The Mobility-as-a-Service program in Guangzhou steps beyond previous deployments, in that it pulls together different transportation modalities and use cases into a single service.
The service comprises 40 individual vehicles, of five different types: * FAW Hongqi Robotaxis * Apolong Shuttles * King Long Robobuses * Apollocop Public Safety Robots * “New Species Vehicles”, Apollo’s term for a robot that can perform a range of functions, from vending snacks to sweeping and disinfecting the street
As I wrote in Forbes.com, the rollout resembles the process Waymo took to launch its driverless Waymo One service in Arizona, but AutoX is progressing much faster.
Whereas Waymo tested self-driving cars with human safety operators for a decade before advancing to driverless vehicles, AutoX was founded in only 2016 and just began testing fully driverless vehicles a few months ago.
This surprised me:
Also like Waymo, the base vehicle for the AutoX service is the Chrysler Pacifica minivan. The selection of an American automotive manufacturer for this initial program is notable because AutoX has partnerships with many Chinese manufacturers, including Dongfeng Motors, Shanghai Auto, BYD, and Chery Automobile.
This week I had the pleasure of interviewingAutoX COO Jewel Li for Forbes.com. We discussed what it’s like to run a company spread across the US and China. Diversity brings challenges:
“Culture is hard to explain,” says Li, who immigrated from China to the United States in 2011 to pursue her PhD at the University of Delaware. “It’s in every single detail. Are you writing all of your documents and messages in English, so that everyone can understand? If the company caters for employees, is it a diverse selection of food?”
But there are unexpected advantages:
“A lot of AV companies haven’t been testing and are data hungry. We were very lucky that there were always fleets to test in China. It never slowed us down,” says Li.
Tencent, the Chinese technology giant behind WeChat, has announced plans for a “Net City” on a two square kilometer portion of their campus in Shenzen.
The Tencent announcement notes that, “A “green corridor” for buses, bicycles and autonomous vehicles will be the backbone of the district, running down its length.” They’ve hired a US architecture firm to design it all.
The zone will “accommodate” 80,000 people, although it’s not clear if those are residents or Tencent employees who will actually live off-site.
The report is pretty light on details, and even notes that there have been a few other announcements like this in Japan and North America, from Google no less. Google’s Sidewalk Labs just announced they will not proceed with their “smart city” in a Toronto neighborhood. The culprit was an inability to overcome a combination of urban regulatory burden, NIMBYism, and data privacy concerns.
To me, the North American contrast is the most interesting aspect to the Tencent project. This could either be read as a Chinese tech giant simply running a few years behind an American tech giant, only to give up in a few years itself. Or it could prove the point that China is capable of major infrastructure projects that just aren’t possible in North America anymore.
Chinese startup WeRide recently shared that, by its measurements, testing in Guangzhou, China, is thirty times more efficient than testing in Silicon Valley.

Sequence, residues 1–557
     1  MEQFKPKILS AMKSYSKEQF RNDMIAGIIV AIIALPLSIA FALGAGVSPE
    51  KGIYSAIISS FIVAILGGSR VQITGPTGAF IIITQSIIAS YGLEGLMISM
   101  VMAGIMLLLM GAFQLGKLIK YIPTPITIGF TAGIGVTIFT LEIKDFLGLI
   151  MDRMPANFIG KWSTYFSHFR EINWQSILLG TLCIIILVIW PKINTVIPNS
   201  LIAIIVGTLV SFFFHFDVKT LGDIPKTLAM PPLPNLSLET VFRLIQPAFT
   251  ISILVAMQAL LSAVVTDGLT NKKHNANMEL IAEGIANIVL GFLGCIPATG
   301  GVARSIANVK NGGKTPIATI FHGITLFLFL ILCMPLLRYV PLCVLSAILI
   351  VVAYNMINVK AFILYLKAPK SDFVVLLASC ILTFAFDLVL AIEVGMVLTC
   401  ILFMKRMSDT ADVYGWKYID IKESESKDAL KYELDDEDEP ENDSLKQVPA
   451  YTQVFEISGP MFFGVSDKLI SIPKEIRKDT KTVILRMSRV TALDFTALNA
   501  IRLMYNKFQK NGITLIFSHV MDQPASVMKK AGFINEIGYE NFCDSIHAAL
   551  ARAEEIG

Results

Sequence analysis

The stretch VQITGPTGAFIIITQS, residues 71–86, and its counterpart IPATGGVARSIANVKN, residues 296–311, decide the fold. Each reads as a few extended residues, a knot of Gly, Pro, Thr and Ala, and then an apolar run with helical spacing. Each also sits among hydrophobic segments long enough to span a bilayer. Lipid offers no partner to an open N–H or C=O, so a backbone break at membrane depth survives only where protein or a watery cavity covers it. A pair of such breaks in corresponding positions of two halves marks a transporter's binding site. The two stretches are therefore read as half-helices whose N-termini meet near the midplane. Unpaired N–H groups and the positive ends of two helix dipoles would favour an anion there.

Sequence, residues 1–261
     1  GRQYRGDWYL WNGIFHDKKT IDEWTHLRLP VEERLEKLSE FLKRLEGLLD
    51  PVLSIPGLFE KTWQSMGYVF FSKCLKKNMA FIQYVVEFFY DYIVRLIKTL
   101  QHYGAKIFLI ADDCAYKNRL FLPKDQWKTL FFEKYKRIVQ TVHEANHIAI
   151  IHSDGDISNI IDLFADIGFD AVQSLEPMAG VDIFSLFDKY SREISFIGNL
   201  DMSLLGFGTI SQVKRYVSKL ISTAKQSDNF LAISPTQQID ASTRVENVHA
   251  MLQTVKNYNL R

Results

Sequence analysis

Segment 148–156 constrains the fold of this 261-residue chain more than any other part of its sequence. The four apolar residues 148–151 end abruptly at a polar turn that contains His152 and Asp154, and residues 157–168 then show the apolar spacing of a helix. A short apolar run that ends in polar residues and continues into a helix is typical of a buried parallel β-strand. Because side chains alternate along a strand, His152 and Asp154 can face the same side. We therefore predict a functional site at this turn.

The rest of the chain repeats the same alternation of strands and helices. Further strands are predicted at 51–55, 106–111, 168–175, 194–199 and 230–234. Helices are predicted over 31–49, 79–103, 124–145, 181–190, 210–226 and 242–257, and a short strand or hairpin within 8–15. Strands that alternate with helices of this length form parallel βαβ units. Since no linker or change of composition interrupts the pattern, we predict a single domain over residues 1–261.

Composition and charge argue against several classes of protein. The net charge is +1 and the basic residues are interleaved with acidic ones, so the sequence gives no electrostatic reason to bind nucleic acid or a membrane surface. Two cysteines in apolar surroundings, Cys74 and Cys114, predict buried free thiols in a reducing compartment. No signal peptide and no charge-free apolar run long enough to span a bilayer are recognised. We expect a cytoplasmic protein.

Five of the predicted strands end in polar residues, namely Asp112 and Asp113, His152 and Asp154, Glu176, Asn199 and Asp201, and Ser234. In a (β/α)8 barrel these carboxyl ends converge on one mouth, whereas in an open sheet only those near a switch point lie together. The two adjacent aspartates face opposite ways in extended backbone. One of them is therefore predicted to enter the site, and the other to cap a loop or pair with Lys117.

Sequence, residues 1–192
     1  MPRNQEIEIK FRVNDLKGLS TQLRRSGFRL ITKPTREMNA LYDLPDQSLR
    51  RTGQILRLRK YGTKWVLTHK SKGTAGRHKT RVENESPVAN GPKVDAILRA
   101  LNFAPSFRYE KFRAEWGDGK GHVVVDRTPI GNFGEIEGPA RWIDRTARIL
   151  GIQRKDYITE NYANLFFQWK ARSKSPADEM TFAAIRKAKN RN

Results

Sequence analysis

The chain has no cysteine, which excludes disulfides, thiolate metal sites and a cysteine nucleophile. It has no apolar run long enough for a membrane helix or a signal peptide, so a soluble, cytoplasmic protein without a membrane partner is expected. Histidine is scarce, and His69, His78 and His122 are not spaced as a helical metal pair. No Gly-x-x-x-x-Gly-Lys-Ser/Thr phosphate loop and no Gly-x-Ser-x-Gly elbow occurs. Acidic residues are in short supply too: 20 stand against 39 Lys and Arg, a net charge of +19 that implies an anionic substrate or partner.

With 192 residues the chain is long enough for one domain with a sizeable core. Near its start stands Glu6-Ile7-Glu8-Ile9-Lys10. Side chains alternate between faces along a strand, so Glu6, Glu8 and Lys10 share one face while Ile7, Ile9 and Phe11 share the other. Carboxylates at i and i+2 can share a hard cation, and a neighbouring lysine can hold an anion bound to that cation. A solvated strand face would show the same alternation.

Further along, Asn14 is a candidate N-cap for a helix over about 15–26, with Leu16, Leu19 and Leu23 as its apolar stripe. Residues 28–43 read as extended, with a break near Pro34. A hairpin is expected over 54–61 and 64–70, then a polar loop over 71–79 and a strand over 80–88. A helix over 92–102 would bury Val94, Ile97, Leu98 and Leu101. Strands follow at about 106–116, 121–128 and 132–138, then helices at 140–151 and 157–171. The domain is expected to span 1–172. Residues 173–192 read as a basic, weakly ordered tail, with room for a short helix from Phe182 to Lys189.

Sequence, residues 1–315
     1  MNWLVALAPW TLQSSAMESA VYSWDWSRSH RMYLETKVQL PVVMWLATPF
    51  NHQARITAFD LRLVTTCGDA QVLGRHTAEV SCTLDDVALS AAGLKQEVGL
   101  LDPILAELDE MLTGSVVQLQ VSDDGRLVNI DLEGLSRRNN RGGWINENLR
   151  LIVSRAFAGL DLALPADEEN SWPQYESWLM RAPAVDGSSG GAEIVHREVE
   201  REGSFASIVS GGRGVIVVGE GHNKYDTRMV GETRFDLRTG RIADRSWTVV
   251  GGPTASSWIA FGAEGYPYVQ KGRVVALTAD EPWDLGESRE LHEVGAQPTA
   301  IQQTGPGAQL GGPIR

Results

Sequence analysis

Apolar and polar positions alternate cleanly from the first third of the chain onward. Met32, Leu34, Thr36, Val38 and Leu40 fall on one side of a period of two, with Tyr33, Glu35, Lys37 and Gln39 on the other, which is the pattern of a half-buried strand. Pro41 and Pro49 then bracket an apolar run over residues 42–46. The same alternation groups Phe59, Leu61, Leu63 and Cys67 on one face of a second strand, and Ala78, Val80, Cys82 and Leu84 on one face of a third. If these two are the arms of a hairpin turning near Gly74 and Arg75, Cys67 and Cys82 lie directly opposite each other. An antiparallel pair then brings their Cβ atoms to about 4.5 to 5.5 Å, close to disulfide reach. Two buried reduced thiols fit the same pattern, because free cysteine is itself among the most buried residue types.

“The comparison between Guangzhou and Silicon Valley is pertinent to other self-driving operations, which have to consider where to test. Many self-driving car companies, including Waymo, have focused their operations on relatively favorable geofenced locations, such as Phoenix, Las Vegas, and Silicon Valley. In these areas, a combination of sunny weather, wide streets, and good infrastructure helps the programs progress.”
“Neolix, a start-up so Chinese that it has only barely has an English-language website, has announced mass-production of its autonomous delivery vehicles and declared itself the first company in the world to do this, according to Bloomberg.”
Autonomous driving technology startup Pony.ai has become the first company to operate an autonomous ride-hailing service on public roads for public users in China. The company, just over a year-old, recently raised $112 million in a Series A round to help it accelerate its efforts, and its fleet is running a nearly two-mile route in Nansha, Guangzhou, where its China HQ is located.
Between Baidu’s Apollo project, Didi self-driving robotaxi work, Momenta’s deep learning efforts, BYTON’s plans for electrics self-driving cars, and now Pony.AI, China is becoming a key player in the race toward autonomous vehicles.
Interestingly, Pony’s fleet includes: “four Lincoln MKZs, as well at two Guangzhou Automobile Group (GAC) Chuanqis.”
Update: Several commenters have pointed out, I think correctly, that with only six cars operating on a very short, fixed route, this isn’t really a “robotaxi” service. More like a proof of concept. Still a big step!
Third, they are betting big on China’s electric vehicle mandate. The exact number or percent of vehicles that must be electric is a little hard to pin down, but it seems to be on the order of ten percent by 2020. BYTON is presumably hoping that being an electric-first vehicle company will give them an advantage.
Chang’an Automobile: The Chinese manufacturer just completed a test run of self-driving cars over 2000km (1200 miles) from Chongqing to Beijing.
The cars successfully drove distance from other vehicles, changed lanes, overtook and performed other manoeuvres, including three-point turns automatically but still need the help of a driver in certain road sections and gas stations, the designers said.